Hyakusai-ji (百済寺) is a Buddhist temple in the Hyakusaiji neighborhood of the city of Higashiōmi, Shiga Prefecture, Japan. It belongs to the Tendai school of Japanese Buddhism, and together with Kongōrin-ji and Saimyō-ji is regard as one of the "Three Great Temples" east of Lake Biwa. It was designated a National Historic Site in 2008.[1]

Hyakusai-ji
百済寺
Shiga Hyakusaiji Hondo.jpg
Hyakusai-ji Main Hall
Religion
AffiliationBuddhist
DeityJuichmen Kannon Bosatsu
RiteTendai
Location
LocationHyakusaiji, Higashiōmi, Shiga
CountryJapan Japan
Location in Japan
Location in Japan
Hyakusai-ji
Location in Japan
Location in Japan
Hyakusai-ji (Japan)
Geographic coordinates35°07′34″N 136°17′32″E / 35.12611°N 136.29222°E / 35.12611; 136.29222
Architecture
Founderc.Shotoku Taishi
Completedc.606AD
Website
Official website

HistoryEdit

Hyakusai-ji is located on the western flank of the Suzuka Mountains, east of Lake Biwa. According to the temple, Prince Shotoku erected this temple in 606 AD after his tutor from Goguryeo, the monk Hyeja, found a cedar tree in the mountains glowing with a mysterious light. The prince carved an image of an eleven-faced Kannon Bosatsu directly into the living wood of the tree and had a hall built around it. Although Hyeja was from Goguryeo, the temple is named after the Korean kingdom of Baekje as the layout of the temple was patterned after the temple of Ryuun-ji in that kingdom. However, the first appearance of the temple in the historical documentation is from 1089 AD, so it is uncertain to what extent the temple legend of its connection with Prince Shotoku reflects actual historic facts. During the Heian period, as with many temples in Ōmi Province, it came under the influence of Enryaku-ji and Hyakusai-ji became a temple of the Tendai sect. Through the Kamakura period, the temple was a huge establishment, with over 1000 chapels spread across numerous mountain valleys. The temple suffered from a severe fire in 1498, and only a few years later, in 1503, it was almost razed completely during a conflict between the Ōmi shugo Rokkaku Takayori and the shugodai Iba Tadataka. These two fires destroyed all of the ancient buildings and Buddhist statues, but also all of the temple's records and documents of its founding. [2]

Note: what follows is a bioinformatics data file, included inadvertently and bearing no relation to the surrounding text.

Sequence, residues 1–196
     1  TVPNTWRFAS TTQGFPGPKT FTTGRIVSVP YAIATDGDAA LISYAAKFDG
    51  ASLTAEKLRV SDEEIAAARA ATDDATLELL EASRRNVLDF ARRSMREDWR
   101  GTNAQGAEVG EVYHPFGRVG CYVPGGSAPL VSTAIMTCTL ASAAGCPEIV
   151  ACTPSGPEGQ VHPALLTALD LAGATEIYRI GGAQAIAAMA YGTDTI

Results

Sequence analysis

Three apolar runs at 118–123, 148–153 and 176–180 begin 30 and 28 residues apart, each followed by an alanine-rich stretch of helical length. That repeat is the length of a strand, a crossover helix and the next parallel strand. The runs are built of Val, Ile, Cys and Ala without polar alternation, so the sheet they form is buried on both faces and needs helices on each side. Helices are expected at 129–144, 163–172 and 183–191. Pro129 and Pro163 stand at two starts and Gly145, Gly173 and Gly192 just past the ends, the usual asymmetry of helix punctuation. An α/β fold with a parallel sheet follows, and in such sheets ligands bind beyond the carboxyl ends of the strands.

The temple eventually recovered, and the Jesuit missionary Luis Frois commented about the temple's prosperity during a visit. In 1573, the temple was again the center of a conflict, this time between Rokkaku Yoshikata and Oda Nobunaga and its main hall was again destroyed. This hall was rebuilt in 1584 by Hori Hidemasa. In 1602, with the establishment of the Tokugawa shogunate, the temple was awarded a kokudaka of 146 koku for its upkeep. This was increased by another 100 koku in 1617 by Shogun Tokugawa Hidetada. From 1634 through 1650 most of the buildings of the temple were reconstructed by Ryosuke, a disciple and younger brother of the archpriest Tenkai, with the assistance of Hikone Domain, and many of these structures survive to this day, including the current Hondō, which is a National Important Cultural Property.[3][2]

The temple is approximately ten minutes by car from Yōkaichi Station on the Ohmi Railway.

GalleryEdit

See alsoEdit

ReferencesEdit

  1. ^ "百済寺境内" (in Japanese). Agency for Cultural Affairs. Retrieved August 20, 2020.
  2. ^ a b Isomura, Yukio; Sakai, Hideya (2012). (国指定史跡事典) National Historic Site Encyclopedia. 学生社. ISBN 4311750404.(in Japanese)
  3. ^ "百済寺本堂" (in Japanese). Agency for Cultural Affairs. Retrieved August 20, 2020.

External linksEdit

Official website